According to a recent report by the World Wide Web Foundation and Alliance for Affordable Internet, global and regional Multilateral Development Banks (MDBs) invested about $50 million in Information and Communications Technology (ICT) projects in Nigeria between 2012 and 2017.
The report also pointed out that investments by MDB in the ICT sector in low and middle-income countries across the globe are low. Of the cumulative $525 million MDBs investment between 2012 and 2016, only 1% of this fund goes to ICT projects.
And of the 1% that goes into ICT projects, infrastructure takes the largest share with 39% and only 9% was for innovation/tech hubs within the 4-year period.
Do note that the representation of funding within the ICT sector is based on a sample of 155 identified ICT projects approved by 9 global and regional MDBs between January 2012 and December 2016.
The report also claimed that Ministries of Finance don’t prioritise the ICT sector is raising funds from international institutions.
There’s the need for governments of low and middle-income countries, and DMBs should prioritise ICT projects for their investments considering as the importance of investment in this sector cannot be overlooked.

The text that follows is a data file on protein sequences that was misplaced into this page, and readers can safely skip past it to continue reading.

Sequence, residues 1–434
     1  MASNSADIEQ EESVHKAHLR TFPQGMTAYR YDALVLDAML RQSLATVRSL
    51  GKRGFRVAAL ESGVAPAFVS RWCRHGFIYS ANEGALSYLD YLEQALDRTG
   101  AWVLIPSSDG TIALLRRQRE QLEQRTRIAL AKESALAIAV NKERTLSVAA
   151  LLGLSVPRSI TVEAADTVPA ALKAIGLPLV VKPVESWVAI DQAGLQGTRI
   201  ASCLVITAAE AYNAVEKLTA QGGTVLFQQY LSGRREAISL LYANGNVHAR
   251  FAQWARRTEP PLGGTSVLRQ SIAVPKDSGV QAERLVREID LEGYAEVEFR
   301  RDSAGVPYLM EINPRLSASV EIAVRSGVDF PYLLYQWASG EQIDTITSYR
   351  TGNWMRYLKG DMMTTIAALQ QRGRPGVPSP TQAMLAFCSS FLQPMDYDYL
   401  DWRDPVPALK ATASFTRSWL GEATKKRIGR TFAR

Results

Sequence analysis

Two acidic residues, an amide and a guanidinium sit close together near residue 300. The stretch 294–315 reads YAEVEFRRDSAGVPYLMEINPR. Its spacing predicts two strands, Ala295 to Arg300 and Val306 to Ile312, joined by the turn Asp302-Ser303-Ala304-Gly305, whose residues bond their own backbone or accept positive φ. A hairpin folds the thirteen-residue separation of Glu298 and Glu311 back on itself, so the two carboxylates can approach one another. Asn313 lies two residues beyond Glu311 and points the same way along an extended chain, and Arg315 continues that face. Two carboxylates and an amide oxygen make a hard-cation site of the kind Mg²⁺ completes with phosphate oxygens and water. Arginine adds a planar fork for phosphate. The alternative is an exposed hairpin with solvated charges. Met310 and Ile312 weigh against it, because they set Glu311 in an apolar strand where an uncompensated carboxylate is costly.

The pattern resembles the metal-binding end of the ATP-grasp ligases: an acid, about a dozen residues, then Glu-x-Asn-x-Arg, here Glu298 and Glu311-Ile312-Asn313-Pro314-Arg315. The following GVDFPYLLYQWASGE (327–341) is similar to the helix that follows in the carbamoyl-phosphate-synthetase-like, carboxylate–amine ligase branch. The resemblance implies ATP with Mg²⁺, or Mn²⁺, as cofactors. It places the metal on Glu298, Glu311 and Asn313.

It’s noteworthy that the Executive Vice Chairman of the Nigerian Communications Commission (NCC), Umar Danbatta affirmed that the ICT sector contributes ₦1.6 trillion quarterly to the Gross Domestic Product (GDP) as at last year.
With contribution like the above, we cant argue the importance of the sector to the economy which is a call to change the investment narrative to re-establish the ICT sector as a priority sector.
The report calls for the creation of funding mechanisms suitable for rural area projects which include last-mile solutions while also increasing the amount dedicated to financing smaller and often transitional projects.
Assessing and learning from areas of policy failure to inform the development of new enabling frameworks was also recommended.
Nigerian startups raised $55.4m in Q1 2020; over 99% of which came from foreign sources. Find out more when you download the full report.
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